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SPECIES:  Hymenoclea salsola
Burrobrush. Wikimedia Commons image by Stan Shebs.

 


Introductory

SPECIES: Hymenoclea salsola
AUTHORSHIP AND CITATION: Tesky, Julie L. 1993. Hymenoclea salsola. In: Fire Effects Information System, [Online]. U.S. Department of Agriculture, Forest Service, Rocky Mountain Research Station, Fire Sciences Laboratory (Producer). Available: https://www.fs.fed.us/database/feis/plants/shrub/hymsal/all.html []. Revisions: On 12 July 2018, the common name of this species was changed in FEIS from: white burrobrush to: burrobrush. Images were also added. ABBREVIATION: HYMSAL SYNONYMS: Hymenoclea salsola var. patula (Nelsen) Peterson & Payne NRCS PLANT CODE: HYSA COMMON NAMES: burrobrush cheesebush desert pearl pearlbush TAXONOMY: The scientific name of burrobrush is Hymenoclea salsola Tor. & Gray. There are three recognized varieties [2,21,22,27]: Hymenoclea salsola Torr. & A. Gray var. fasciculata (A. Nelson) K.M. Peterson & Payne Hymenoclea pentalepis (Rydb.) L. Benson. Hymenoclea salsola var. salsola LIFE FORM: Shrub FEDERAL LEGAL STATUS: No special status OTHER STATUS: NO-ENTRY

DISTRIBUTION AND OCCURRENCE

SPECIES: Hymenoclea salsola
GENERAL DISTRIBUTION: Burrobrush is found in the Sonoran, Mojave, and Colorado deserts of Baja California, southern California, southern Nevada, extreme southwest Utah, Arizona, and northwest Mexico [18,22,27,46].  A small, relict population occurs in the southern end of the Central Valley of California [12].
Distribution of burrobrush. Map courtesy of USDA, NRCS. 2018. The PLANTS Database. National Plant Data Team, Greensboro, NC [2018, July 12] [32].
ECOSYSTEMS: 
   FRES29  Sagebrush
   FRES30  Desert shrub
   FRES35  Pinyon - juniper


STATES: 
     AZ  CA  NV  UT  MEXICO


BLM PHYSIOGRAPHIC REGIONS: 
    7  Lower Basin and Range
   12  Colorado Plateau


KUCHLER PLANT ASSOCIATIONS: 
   K023  Juniper - pinyon woodland
   K024  Juniper steppe woodland
   K040  Saltbush - greasewood
   K041  Creosotebush
   K042  Creosotebush - bursage
   K043  Paloverde - cactus shrub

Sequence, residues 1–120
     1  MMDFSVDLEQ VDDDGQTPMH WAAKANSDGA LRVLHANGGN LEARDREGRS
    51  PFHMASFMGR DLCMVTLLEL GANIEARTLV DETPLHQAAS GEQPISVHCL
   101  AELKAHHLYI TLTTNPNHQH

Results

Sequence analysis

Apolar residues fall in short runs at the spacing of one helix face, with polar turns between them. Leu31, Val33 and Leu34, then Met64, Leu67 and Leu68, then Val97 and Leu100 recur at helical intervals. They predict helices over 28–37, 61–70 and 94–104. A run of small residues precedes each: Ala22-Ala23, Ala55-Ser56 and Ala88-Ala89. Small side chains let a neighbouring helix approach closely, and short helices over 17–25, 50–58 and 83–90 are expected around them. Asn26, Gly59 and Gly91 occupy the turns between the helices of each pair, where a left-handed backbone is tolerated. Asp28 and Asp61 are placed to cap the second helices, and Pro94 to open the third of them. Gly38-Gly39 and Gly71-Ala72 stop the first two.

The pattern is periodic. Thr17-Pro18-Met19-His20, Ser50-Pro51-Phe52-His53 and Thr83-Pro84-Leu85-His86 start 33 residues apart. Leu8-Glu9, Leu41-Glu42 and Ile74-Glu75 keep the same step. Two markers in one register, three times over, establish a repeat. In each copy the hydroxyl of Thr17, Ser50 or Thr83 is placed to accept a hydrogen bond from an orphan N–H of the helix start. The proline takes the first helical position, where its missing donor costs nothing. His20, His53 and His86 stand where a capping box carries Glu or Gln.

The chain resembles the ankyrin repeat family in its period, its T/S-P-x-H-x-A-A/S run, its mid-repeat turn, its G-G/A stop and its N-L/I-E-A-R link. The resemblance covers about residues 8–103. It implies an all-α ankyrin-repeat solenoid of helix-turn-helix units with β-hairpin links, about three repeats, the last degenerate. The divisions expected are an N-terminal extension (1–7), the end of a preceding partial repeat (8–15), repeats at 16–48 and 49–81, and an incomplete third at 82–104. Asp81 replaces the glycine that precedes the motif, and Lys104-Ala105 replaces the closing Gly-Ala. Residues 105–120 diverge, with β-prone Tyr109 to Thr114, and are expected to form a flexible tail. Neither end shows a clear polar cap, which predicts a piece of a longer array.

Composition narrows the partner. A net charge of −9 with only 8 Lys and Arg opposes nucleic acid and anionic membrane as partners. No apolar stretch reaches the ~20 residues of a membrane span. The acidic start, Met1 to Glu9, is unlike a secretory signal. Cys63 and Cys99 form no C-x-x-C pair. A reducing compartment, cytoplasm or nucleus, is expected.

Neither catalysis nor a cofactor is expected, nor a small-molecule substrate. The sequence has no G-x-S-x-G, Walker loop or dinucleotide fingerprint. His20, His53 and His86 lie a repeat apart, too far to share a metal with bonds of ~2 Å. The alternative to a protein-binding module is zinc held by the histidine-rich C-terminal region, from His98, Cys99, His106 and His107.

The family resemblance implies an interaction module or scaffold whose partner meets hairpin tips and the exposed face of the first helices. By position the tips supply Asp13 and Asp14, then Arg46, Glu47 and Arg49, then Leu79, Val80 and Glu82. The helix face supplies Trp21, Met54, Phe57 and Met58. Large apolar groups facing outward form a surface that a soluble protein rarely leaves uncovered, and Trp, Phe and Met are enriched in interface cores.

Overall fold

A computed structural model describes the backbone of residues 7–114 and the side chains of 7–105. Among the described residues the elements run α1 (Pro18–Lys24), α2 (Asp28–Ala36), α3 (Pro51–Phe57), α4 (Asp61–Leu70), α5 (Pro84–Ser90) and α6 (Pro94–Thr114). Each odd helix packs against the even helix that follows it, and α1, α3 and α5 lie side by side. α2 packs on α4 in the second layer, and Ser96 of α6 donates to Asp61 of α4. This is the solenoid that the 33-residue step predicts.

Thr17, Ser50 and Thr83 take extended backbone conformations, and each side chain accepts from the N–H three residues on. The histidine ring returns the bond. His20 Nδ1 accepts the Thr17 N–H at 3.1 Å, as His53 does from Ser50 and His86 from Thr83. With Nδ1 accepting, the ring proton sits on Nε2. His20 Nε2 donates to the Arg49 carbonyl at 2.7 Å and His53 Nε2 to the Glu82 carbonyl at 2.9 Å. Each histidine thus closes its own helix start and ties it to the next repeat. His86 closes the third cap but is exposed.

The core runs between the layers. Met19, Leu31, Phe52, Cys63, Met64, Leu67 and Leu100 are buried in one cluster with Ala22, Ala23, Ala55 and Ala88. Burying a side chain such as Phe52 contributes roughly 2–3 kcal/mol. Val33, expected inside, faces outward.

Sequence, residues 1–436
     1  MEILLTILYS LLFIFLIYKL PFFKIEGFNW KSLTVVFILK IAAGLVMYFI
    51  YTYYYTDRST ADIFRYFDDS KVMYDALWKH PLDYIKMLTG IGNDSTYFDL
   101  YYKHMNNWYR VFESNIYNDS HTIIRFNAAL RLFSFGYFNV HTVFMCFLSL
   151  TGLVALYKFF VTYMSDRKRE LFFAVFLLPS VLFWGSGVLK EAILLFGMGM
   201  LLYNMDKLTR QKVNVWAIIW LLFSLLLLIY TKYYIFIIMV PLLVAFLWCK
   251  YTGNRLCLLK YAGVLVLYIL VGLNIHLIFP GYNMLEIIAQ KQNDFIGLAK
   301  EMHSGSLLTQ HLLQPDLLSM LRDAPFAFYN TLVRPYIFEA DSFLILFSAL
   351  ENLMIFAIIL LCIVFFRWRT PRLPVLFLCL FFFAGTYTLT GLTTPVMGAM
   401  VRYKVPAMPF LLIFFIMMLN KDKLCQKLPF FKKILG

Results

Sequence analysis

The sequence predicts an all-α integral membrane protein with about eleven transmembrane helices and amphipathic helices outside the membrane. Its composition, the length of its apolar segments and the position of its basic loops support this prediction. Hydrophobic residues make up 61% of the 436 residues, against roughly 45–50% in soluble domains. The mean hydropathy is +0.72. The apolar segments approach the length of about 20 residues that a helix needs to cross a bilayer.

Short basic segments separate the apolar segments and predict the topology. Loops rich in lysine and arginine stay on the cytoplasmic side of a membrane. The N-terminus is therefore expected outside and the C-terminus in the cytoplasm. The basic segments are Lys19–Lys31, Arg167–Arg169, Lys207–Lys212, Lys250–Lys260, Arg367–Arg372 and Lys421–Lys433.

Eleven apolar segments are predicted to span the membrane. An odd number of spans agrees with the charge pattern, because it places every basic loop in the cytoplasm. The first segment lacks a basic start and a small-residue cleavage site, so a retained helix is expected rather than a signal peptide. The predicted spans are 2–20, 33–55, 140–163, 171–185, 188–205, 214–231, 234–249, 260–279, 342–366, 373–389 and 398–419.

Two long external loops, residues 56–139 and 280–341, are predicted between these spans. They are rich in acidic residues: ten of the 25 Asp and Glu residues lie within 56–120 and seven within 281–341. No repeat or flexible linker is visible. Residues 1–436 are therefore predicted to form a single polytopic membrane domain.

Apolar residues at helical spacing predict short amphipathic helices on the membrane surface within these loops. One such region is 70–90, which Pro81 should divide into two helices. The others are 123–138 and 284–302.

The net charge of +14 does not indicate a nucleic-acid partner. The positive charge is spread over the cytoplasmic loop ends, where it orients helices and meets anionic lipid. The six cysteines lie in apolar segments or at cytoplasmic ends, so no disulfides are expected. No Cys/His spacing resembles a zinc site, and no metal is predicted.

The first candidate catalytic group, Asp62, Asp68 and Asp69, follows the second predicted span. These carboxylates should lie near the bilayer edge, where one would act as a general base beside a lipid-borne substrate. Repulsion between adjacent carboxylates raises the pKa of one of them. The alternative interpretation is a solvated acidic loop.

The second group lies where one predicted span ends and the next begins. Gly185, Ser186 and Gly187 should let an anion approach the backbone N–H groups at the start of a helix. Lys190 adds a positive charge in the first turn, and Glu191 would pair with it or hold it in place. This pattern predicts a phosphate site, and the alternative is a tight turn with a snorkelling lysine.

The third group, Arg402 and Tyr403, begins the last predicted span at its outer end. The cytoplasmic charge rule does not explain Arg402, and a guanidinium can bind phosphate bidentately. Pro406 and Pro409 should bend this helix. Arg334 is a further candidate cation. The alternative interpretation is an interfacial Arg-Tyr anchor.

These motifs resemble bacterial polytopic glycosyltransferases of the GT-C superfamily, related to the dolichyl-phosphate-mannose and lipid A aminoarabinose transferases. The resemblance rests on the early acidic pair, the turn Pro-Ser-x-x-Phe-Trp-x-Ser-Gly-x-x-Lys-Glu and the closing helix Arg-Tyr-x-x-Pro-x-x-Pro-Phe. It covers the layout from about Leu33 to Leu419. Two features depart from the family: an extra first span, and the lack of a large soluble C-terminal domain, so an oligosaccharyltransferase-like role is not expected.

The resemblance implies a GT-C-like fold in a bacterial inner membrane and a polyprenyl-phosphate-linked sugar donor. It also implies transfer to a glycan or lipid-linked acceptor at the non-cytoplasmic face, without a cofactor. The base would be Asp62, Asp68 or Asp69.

K044  Creosotebush - tarbush


SAF COVER TYPES: 
   238  Western juniper
   239  Pinyon - juniper


SRM (RANGELAND) COVER TYPES: 
NO-ENTRY


HABITAT TYPES AND PLANT COMMUNITIES: 
Burrobrush is commonly found in creosotebush (Larrea tridentata),
shadscale (Atriplex confertifolia), and saltbush (Atriplex spp.) scrub,
Joshua tree (Yucca brevifolia) woodlands, and pinyon-juniper woodlands
[27,36,30].  Johnson [15] describes a burrobrush community type in
the desert washes of the Mojave Desert characterized by white
burrobrush, desert saltbush (Atriplex polycarpa), desert rabbitbrush
(Chrysothamnus paniculatus), and catclaw acacia (Acacia greggii).  Hanley
and Brady [14] describe a paloverde (Cercidium spp.)-burrobrush
community type in Sonoran Desert washes.

In addition to the above mentioned species, burrobrush is commonly
associated with smoke tree (Dalea spinosa), white bursage (Ambrosia
dumosa), brittle bush (Encelia farinosa), jojoba (Simmondsia chinensis),
sweetbush (Bebbia juncea), desert agave (Agave deserti), ocotillo
(Fouquieria splendens), range ratany (Kramerica parvifolia), teddybear
cholla (Opuntia bigelovii), desert willow (Chilopsis linearis), and
rubber rabbitbrush (Chrysothamnus nauseosus) [42,44,45].

A publication listing burrobrush as a codominant species in desert
wash communities is listed below:

Vegetation and plant communities of southern California deserts-- a
   functional view [15].

MANAGEMENT CONSIDERATIONS

SPECIES: Hymenoclea salsola
IMPORTANCE TO LIVESTOCK AND WILDLIFE: NO-ENTRY PALATABILITY: NO-ENTRY NUTRITIONAL VALUE: NO-ENTRY COVER VALUE: Some arroyo habitats where burrobrush occurs provide den sites for the desert tortoise [43]. VALUE FOR REHABILITATION OF DISTURBED SITES: NO-ENTRY OTHER USES AND VALUES: The Seri Indians of Sonora, Mexico, use burrobrush twigs and stems in several remedies.  The twigs or leaves are mixed with all-thorn (Koeberlinia spinosa) twigs, boiled, and the tea taken to treat skin rashes.  Seri also drank the tea to relieve pain in the lungs and trachea, and to reduce swelling.  Additionally, they use white burrobrush as a remedy for rheumatism [10]. OTHER MANAGEMENT CONSIDERATIONS: Burrobrush causes hay fever [3,22].

BOTANICAL AND ECOLOGICAL CHARACTERISTICS

SPECIES: Hymenoclea salsola